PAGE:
Student Voice


February 26, 2024




Celebrate Mardi Gras with cake

February 17, 2012

Who doesn’t love an excuse for one big party? Well your chance is coming up. Celebrated in Italy, Germany, Denmark, England, Brazil, Canada, the United States and many other Catholic Eastern European countries is Mardi Gras. Celebrated this year on February 21, it is an important holiday for many Christians.

Marking the last day of the season that started January 6 on Epiphany, it signifies one last chance to splurge on favorites before Lenten season begins with Ash Wednesday the following day.

In French the words Mardi Gras are translated to Fat Tuesday, one of its monikers. Other names include Shrove Tuesday, Carnival, PancakeDay, and Packzi Day. Here in the United States it is simply referred to as Mardi Gras, with the largest celebrations found in New Orleans, Louisiana.

Marking the 175-year celebration for them, it’s a big deal and draws in a huge crowd. With an estimated number of attendees between 700,000 and 800,000 in 2005 alone according to, there’s sure to be lots to do.

Hosting your own celebration gives you an excuse for a weekday party and for some good treats. New Orleans is known for their Creole and Cajun cooking styles, both spicy and flavorful, but with significant differences that are often confused. In an article on Mardi Gras, Paul Prudhomme (father
of the blackening technique, restaurateur, author and chef) offers a differentiation between the two
describing “Cajun food as country cooking, whereas Creole food is more elegant and sophisticated, city cooking so to speak.”

Common dishes to be seen are Jambalaya, Gumbo, and those featuring Crawfish. However, any Fat Tuesday celebrant would tell that the party is not complete without the famous King Cake, also known as the 12th night cake. The ring shaped traditional King Cake is actually more of a sweet bread, and is frosted with purple, green, and gold icing, signifying justice, faith, and power, colors that date back to 1872.

Inside the cake the host will have put a figurine of a baby, for Jesus, or a token such as a dried red bean. Whoever bites into the piece holding the token is said to have luck in the coming year, which is a great way to end your celebration.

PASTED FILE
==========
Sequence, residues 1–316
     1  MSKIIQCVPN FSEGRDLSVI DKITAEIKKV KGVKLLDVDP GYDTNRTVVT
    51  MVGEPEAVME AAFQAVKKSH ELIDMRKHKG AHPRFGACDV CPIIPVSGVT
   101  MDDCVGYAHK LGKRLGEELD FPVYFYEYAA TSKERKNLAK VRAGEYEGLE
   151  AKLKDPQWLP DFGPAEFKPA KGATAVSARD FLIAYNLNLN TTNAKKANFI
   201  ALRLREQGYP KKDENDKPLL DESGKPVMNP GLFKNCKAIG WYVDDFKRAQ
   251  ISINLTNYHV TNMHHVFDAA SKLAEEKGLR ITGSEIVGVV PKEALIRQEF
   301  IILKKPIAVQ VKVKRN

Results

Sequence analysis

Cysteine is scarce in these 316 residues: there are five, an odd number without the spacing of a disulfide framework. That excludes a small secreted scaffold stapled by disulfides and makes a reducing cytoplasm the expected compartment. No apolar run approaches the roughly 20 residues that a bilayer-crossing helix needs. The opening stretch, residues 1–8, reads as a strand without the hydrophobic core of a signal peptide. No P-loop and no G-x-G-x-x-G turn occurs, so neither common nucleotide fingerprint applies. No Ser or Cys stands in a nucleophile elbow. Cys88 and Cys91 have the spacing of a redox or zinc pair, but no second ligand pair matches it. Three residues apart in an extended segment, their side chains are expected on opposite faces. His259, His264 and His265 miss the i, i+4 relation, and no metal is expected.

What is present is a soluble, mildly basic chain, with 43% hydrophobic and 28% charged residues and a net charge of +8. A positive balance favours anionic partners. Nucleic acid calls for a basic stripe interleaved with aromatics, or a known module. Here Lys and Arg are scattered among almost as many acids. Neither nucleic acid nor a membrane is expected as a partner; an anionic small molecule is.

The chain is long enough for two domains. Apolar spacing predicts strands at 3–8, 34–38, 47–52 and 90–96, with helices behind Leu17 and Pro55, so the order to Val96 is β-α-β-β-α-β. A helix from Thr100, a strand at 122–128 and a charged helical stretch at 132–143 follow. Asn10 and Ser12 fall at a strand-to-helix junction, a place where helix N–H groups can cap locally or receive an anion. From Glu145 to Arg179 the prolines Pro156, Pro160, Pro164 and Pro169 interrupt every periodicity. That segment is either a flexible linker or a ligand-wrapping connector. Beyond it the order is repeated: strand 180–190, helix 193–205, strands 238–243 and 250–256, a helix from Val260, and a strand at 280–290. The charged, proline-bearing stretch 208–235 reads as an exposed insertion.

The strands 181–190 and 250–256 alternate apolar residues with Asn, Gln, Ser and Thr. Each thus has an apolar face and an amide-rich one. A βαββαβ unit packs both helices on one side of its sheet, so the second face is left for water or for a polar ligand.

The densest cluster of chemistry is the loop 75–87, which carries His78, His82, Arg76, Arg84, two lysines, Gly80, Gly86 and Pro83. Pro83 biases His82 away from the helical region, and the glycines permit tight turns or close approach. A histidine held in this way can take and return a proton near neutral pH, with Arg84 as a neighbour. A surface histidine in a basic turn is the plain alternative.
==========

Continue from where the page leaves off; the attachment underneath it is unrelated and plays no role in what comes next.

King Cakes can be bought or made. This recipe is a quick and easy version of King Cake and works well for filled coffee cakes making use of items you can easily find at the grocery store. Enjoy!



  • 4 ounces (half of a large block) cream cheese
  • 1/2 cup brown sugar, packed
  • 1/2 teaspoon ground cinnamon
  • 1/4 cup raisins, soaked in hot water for 15 minutes, drained, and patted dry on paper towels
  • 1/2 cup pecan halves


  • 2 rolls (total of 12 individual crescent rolls) refrigerated crescent rolls in the can


  • Purple, Green, and Yellow (Gold) canned frosting.


1. Preheat oven to 350° F and grease a pizza pan.

2. Mix together the filling ingredients in a food processor until the pecan halves are chopped to about ¼ inch pieces. Set this aside.

3. Unroll the crescent roll dough and place the triangles, point towards the center, side by side on the pizza pan to form a large ring. Overlap the long sides a little bit pressing only the center of the overlapping seams together.

4. Spread the filling over the pressed seams of the triangles. Place the token somewhere in the filling.

5. Carefully fold the outer edge of the dough ring over the filling then pull the points of the triangles back over the folded edge tucking it under the whole ring and gently pressing the seams together.

6. Bake for 20-25 minutes or until golden brown.

7. After the cake has cooled to room temperature frost alternating among colors.

Brittney Pfenning­-Wendt is a columnist for the Student Voice.